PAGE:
iCloud has been caught storing “deleted” browser history from Safari for well over a year.
Even after users clear their data, it can be found in iCloud using software that’s readily available to anyone. But has Apple been quickly trying to clear its tracks?
Vladimir Katalov, CEO of Russian software company ElcomSoft, stumbled across his own iCloud history by accident. He then used a tool developed by his own company called Phone Breaker to extract the data Apple had been keeping in his iCloud account.
Katalov found “deleted” Safari records going back a year that had previously been cleared in his browser. Thomas Fox-Brewster of Forbes used the same tool to find a whopping 7,000 deleted entries, accompanied by a visit count and dates and times, going back to November 2015.
The entries included Google searches, the full terms of which were visible in the Phone Breaker software. Cleared entries were given “deleted” status, while Safari activity that hadn’t been cleared was labeled “actual.”
To ensure this wasn’t a coincidence, Forbes asked a forensics expert to confirm the findings. They used the tool to recover 125,203 records from their own iCloud account going back to the same date in 2015. They also found deleted Notes, but they were only kept for 30 days.
It’s not clear why Apple is storing Safari data for so long, but it seems more of an oversight than anything else. What’s most concerning isn’t that Apple’s keeping it, however, but that it isn’t encrypting it, which means it’s easily available with tools like Phone Breaker.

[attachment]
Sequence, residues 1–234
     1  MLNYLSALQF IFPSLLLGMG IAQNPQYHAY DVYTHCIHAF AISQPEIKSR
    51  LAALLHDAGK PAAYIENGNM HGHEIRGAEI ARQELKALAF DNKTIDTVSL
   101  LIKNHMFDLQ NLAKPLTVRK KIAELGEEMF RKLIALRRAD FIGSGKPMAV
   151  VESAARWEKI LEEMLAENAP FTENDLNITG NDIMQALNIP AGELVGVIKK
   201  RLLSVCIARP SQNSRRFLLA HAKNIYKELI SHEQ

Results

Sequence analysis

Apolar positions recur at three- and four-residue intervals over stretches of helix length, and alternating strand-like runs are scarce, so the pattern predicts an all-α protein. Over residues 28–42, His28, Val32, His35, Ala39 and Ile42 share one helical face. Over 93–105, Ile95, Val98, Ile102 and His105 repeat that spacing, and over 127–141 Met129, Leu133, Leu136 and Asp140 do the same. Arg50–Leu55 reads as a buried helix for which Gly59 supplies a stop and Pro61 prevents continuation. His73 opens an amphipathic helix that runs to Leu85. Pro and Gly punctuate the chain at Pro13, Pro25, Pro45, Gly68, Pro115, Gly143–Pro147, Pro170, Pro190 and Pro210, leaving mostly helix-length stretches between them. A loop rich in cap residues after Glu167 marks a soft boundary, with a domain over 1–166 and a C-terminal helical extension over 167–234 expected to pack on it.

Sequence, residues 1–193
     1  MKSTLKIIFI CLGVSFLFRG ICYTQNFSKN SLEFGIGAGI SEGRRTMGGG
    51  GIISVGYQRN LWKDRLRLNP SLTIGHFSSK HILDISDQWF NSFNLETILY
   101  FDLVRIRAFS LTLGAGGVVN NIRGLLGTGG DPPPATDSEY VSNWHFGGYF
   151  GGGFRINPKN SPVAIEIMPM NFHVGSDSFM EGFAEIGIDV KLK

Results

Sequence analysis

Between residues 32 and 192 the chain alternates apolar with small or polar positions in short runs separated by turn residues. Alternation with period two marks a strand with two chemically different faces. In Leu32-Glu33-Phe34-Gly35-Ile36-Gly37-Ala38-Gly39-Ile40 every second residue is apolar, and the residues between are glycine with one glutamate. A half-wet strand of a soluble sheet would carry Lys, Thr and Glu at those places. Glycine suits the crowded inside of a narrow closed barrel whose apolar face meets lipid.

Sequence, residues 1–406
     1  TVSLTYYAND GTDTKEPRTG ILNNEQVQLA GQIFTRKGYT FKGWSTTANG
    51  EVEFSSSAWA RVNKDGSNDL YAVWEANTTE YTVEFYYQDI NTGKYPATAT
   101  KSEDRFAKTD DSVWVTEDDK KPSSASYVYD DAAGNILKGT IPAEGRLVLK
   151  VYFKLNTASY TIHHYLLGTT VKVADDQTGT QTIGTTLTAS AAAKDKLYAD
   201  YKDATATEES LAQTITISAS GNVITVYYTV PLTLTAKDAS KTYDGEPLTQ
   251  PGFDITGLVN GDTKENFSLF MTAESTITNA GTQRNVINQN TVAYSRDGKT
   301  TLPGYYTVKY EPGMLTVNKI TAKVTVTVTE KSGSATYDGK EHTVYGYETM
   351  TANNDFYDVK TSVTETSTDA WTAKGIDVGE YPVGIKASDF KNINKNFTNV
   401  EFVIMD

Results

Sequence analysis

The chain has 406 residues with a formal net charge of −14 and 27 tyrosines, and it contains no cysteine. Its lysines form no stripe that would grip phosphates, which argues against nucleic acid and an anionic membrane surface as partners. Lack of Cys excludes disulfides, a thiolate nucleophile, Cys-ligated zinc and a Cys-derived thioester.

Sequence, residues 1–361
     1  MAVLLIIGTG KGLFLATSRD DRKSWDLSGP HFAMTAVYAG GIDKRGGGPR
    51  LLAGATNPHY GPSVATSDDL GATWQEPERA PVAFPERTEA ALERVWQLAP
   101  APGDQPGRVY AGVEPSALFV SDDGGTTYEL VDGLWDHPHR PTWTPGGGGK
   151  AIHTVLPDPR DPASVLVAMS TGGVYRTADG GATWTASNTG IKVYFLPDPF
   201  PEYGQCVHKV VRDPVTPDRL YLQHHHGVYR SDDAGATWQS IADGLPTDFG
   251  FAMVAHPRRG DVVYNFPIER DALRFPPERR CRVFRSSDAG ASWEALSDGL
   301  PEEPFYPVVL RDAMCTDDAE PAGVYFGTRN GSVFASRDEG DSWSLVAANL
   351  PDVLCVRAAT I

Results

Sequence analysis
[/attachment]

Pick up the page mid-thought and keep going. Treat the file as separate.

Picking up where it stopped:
“Overall, assuming this was a mistake, it’s a reminder that storing and retention of data is the default as a technical matter,” said Jay Stanley, senior policy analyst at the American Civil Liberties Union.
“Browsing history is a very sensitive set of data… It’s vital that people are able to trust that they can be in control of that kind of information. It’s one reason we advise using search tools that don’t store your history.”
The good news is, Phone Breaker requires your iCloud account information to retrieve this information, so nobody can gain access to it without your password. What’s more, it looks like Apple is already taking steps to rectify the issue.
Since it was brought to the company’s attention, Katalov and another source told Forbes that their Safari records had suddenly started disappearing, which suggests Apple has no begun purging them already. The company hasn’t made an official comment.